Costs of Patent Litgation: Effects of America Invents Act

Report
Seattle Intellectual Property Inn of Court
Group 3 Presentation: Costs of Litigation
January 16, 2014
• Introduction (Kevin Zeck)
• Overview and Effect of pertinent new provisions of AIA (Isabella Fu)
• Overview and Effect of various recently issued Local Patent Rules and
Model Orders (Ben Byer)
• Proposed changes to Federal Rules of Civil Procedure (Parker Folse)
• Proposed Patent Reform Legislation (Dario Machleidt/Jeffrey Cox)
• Questions and Answers
Group 3
Presenters: Ben Byer, Jeff Cox,
Parker Folse, Isabella Fu,
Dario Machliedt, and Kevin Zeck
Presenter: Kevin Zeck
•
Costs to Patentee/Inventor
•
•
•
•
•
Costs to Obtain/Maintain Patent Protection
Lost Profits
Price erosion
Failure to monetize (loss of expected royalties)
Litigation Fees and Costs
• Attorneys Fees
• Indirect Costs (diverting resources from R&D, marketing,
manufacturing, etc.)
•
Costs to Alleged Infringer
• Litigation Fees and Costs
• Attorneys Fees
• Settlement Value & Damages Awards
• Indirect Costs (diverting resources from R&D, marketing,
manufacturing, etc.)
•
Costs to Third Parties Involved in
Litigation
• Costs to respond to subpoenas and informal
requests for information
•
Externalities:
• Costs of enforcement borne by public (e.g.,
judicial resources consumed in effort to enforce
patent, reduction in availability of alternative
goods, etc.)
• Costs to reform system perceived to be broken
•
Depends on evaluative model
• If deontological, costs are good (or at least justified)
if necessary to secure the rights of inventors.
• If utilitarian or consequentialist, then the patent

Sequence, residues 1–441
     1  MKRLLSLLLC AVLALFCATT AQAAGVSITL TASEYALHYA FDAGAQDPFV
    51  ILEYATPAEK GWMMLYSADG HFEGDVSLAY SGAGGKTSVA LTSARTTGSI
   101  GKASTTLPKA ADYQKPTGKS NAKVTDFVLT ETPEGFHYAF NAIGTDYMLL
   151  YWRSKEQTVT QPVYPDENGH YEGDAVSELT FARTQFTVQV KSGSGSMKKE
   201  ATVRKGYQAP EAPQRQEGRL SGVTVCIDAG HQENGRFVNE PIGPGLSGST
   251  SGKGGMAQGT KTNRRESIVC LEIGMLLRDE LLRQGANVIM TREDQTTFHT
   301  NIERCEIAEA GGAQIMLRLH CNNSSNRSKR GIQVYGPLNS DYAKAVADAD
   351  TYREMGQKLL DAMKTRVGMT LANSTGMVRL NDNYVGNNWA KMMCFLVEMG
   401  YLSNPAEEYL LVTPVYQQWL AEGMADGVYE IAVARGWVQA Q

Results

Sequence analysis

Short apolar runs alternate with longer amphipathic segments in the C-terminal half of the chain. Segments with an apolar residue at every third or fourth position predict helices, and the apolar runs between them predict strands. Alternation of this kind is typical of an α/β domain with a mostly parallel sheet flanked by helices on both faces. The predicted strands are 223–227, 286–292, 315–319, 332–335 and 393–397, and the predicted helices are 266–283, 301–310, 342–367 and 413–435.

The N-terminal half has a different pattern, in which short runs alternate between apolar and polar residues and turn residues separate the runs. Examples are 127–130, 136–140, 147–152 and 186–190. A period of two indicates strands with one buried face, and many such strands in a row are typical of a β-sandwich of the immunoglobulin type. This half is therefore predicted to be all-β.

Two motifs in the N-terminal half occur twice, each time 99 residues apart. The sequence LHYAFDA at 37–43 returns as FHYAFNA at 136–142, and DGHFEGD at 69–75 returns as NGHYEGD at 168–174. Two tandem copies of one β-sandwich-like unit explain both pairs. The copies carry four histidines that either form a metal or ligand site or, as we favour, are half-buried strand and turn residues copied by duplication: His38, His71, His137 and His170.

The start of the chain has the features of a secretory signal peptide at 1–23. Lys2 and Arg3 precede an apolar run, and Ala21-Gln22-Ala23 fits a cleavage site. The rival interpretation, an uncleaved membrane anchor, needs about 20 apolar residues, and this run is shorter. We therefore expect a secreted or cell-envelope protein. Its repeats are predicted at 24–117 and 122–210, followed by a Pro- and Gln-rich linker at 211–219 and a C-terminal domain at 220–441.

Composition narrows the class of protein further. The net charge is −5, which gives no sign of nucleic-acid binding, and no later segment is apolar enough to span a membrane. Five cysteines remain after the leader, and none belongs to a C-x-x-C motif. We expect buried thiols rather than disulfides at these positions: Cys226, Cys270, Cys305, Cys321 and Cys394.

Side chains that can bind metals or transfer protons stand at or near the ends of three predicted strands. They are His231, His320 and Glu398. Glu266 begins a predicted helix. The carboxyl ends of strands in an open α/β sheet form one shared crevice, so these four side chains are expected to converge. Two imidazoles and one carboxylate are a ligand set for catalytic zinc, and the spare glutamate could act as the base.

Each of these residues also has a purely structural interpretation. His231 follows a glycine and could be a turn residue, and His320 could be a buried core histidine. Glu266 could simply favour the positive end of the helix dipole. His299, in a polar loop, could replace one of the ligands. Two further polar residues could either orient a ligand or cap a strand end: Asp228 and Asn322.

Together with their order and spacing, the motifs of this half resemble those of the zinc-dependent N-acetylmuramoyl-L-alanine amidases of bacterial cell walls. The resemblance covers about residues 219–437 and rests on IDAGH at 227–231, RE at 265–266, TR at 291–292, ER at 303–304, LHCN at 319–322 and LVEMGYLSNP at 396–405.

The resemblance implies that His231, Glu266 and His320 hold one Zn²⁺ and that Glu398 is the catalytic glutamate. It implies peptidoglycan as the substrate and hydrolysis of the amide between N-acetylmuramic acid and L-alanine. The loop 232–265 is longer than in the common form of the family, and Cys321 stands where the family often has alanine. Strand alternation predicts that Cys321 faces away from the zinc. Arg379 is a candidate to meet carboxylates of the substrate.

system functions to incentivize progress (through
invention)
• Costs are theoretically good up to point where marginal
increase in progress is equal to marginal increase in cost to
achieve progress

Types of Litigation Costs:










Attorneys Fees
Document Retention/Production Costs
Depositions
Consultants
Experts
Alternative-Dispute-Resolution Related Costs
Mock Trials and Hearings
Court Fees and Costs
Appeal Related Costs
Settlement Value/Damages Awards
Little high-quality, publicly-available,
quantitative information exists

Best Source on Quantitative Litigation Costs
Available is AIPLA: Report of the Economic Survey
 Conducted by AIPLA every two years since 1989
 Drawbacks: Self-Reporting, Small Sample Size (usu. a
couple thousand responses, equaling roughly a 20%
response rate), failure to catch many types of costs (e.g.,
judicial resources, indirect costs of litigation, etc.)

Other resources:
 PriceWaterhouseCoopers (focuses on damages), RPX
(focuses on NPEs – does not publicly provide all data),
other private studies (Bessen and Meurer)
20,000
15,000
Sample
Size
Indiv.
Resp.
10,000
5,000
0
1995
2009
2011
2013

Question Posed:
 Two part question (at least as far back as 1995)
that asks, for different levels of “value at risk”:
 What is your estimate of the total cost of a patent
infringement suit through the end of discovery?
 What is your estimate of the total cost of a patent
infringement suit inclusive of discovery, motions,
pretrial, trial, post-trial, and appeal?
$6,000,000
$5,000,000
$4,000,000
Thru
Discovery
All Costs
$3,000,000
$2,000,000
$1,000,000
$0
< 1 mil.
1 to 10 mil.
10 to 100
mil.
>100 mil.
$6,000,000
$5,000,000
$4,000,000
Thru
Discovery
$3,000,000
All Costs
$2,000,000
$1,000,000
$0
25th Percentile
Median
75th Percentile
$6,000,000
$5,000,000
$4,000,000
Thru
Discovery
$3,000,000
All Costs
$2,000,000
$1,000,000
$0
1995 2001 2003 2005 2007 2009 2011 2013
$6,000,000
$5,000,000
$4,000,000
Thru
Discovery
$3,000,000
All Costs